Tailfin sat down with two of this year’s Tour Divide participants, R&D Division rider Josh Ibbett and 10th place finisher Daniel Connell, to discover the key lessons they learnt from riding the Divide. Whilst some apply directly to riding the Tour Divide, these insights are super useful for any rider looking to set out on their own personal challenge, from first-time multi-day trippers to seasoned riders wanting to take on the Divide themselves.
The Tour Divide is synonymous with ultra-distance off-road racing being, for many, the ultimate challenge held above all others. To experience the Tour Divide has to be on the bucket list for any aspiring bikepacker.
Labelled as the grand tour of MTB, the Tour Divide follows the North American continental divide travelling south from Banff in Canada to finish at the Mexican border in Antelope Wells. The 2022 route covered a distance of over 2665 miles (4289km), with riders climbing a staggering 110,000 ft (33,832m) over the entire journey. The fastest riders look to complete the route in around 14-15 days, whilst many of the starters are taking a more tourist pace and are still on the route at the time of writing (38 days after the official start date). This year’s race was won by Sofiane Sehili in a time of 14 days, 16 hours, and 36 minutes. The record is still held by the late Mike Hall, who set a blistering time of 13 days, 22 hours and 51 minutes in 2016.
What makes the Tour Divide so unique and an incredible challenge is the incredible variety of terrain, and climatic conditions riders can expect to encounter along the route. From snow-covered high mountain passes requiring hours of hike-a-bike in the north to the sand-strewn washboard tracks and wide open, parched desertscapes of the south. Just trying to pack to cover all eventualities is a logistical headache in itself. This year’s edition was made even more epic as it was punctuated by extreme weather conditions. Storms closed passes and saw riders having to be rescued in the north, riders experienced block headwinds for days and rain in the south turned usually bone dry surfaces into claggy peanut butter. It has been an edition for the history books.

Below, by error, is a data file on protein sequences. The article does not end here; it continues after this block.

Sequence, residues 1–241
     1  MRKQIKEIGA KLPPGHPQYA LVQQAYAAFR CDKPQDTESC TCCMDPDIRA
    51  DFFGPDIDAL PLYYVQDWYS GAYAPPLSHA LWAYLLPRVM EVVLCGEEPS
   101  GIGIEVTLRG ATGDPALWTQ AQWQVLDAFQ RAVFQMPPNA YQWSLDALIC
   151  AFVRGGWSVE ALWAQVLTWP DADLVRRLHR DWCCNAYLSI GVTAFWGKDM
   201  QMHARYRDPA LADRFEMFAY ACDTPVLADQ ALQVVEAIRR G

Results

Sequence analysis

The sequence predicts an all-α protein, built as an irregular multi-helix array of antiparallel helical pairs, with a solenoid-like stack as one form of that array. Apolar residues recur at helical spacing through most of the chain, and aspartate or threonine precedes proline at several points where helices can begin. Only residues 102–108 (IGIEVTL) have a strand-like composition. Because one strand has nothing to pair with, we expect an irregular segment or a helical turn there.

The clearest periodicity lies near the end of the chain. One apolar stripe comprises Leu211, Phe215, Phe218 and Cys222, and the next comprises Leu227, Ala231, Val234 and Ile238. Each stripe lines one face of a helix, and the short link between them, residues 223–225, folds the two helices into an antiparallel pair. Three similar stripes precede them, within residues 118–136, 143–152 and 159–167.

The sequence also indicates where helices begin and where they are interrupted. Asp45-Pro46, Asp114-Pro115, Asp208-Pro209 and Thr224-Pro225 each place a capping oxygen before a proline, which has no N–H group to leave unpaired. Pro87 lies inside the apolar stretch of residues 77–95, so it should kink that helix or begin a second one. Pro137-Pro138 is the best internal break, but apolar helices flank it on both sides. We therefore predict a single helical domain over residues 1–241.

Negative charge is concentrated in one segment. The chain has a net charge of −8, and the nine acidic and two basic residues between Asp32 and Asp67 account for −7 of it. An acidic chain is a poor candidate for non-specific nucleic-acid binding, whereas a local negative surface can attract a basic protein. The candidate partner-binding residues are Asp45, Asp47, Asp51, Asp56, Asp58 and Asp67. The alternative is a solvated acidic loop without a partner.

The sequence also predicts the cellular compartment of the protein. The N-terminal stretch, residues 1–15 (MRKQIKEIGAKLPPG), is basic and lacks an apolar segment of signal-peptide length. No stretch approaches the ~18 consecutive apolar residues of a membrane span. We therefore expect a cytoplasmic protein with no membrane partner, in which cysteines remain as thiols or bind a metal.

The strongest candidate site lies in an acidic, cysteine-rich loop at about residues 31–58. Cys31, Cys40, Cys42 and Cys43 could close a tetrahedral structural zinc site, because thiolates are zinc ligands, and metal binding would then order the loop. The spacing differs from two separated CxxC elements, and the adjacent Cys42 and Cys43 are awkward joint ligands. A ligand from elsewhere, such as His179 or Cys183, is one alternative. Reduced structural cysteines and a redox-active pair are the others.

Every rider that takes part in the Tour Divide comes away with a huge wealth of learnings from experiencing the route and the conditions. It can shape the way you approach any future long-distance ride, how to pack, the difference between what really is essential and what is a luxury, and let you know just what you can cope with. Let’s dive straight into the lessons.
Josh Ibbett’s 10 Lessons from the Divide
1. Respect the Divide
You are not in charge. You may think you are in control, but the Divide is boss. Respect the condition, respect the mountains, respect the weather, all the places you ride through and the people you meet. Anything can happen; conditions can change at the drop of a hat, and you have to embrace the changes, embrace the Divide, surf the wave, adapt when required and see where you end up.
2. Make a plan and expect to change it
Make a solid game plan before you start. Form a sleep strategy, maybe a loose schedule and plan what you need to eat and drink. Then refer to lesson 1 and be prepared to totally replan in an instant.
3. Prepare for the worst, hope for the best
Two lessons in, and a theme seems to be emerging! Prepare for the worst conditions and hope for the best. Carry an extra burrito in your bag just in case, pack excellent wet weather gear and don’t skimp on somewhere warm and dry to sleep. With a bit of luck, you’ll be cursing the extra weight you are carrying through the sunny dry mountains; in reality, you’ll be curled up in your sleeping bag in a pit toilet with all your clothes on while eating the aforementioned burrito at 2 am. Also, make sure you are comfortable hiking for hours on end… it can happen.
If your car runs out of fuel, it stops. The human body is the same. The Divide is a long slog, and your reserves will gradually be depleted as the event goes on. Try and keep ahead of the curve and eat all you can. Sometimes a short break in a diner for a real meal will pay itself back further down the road.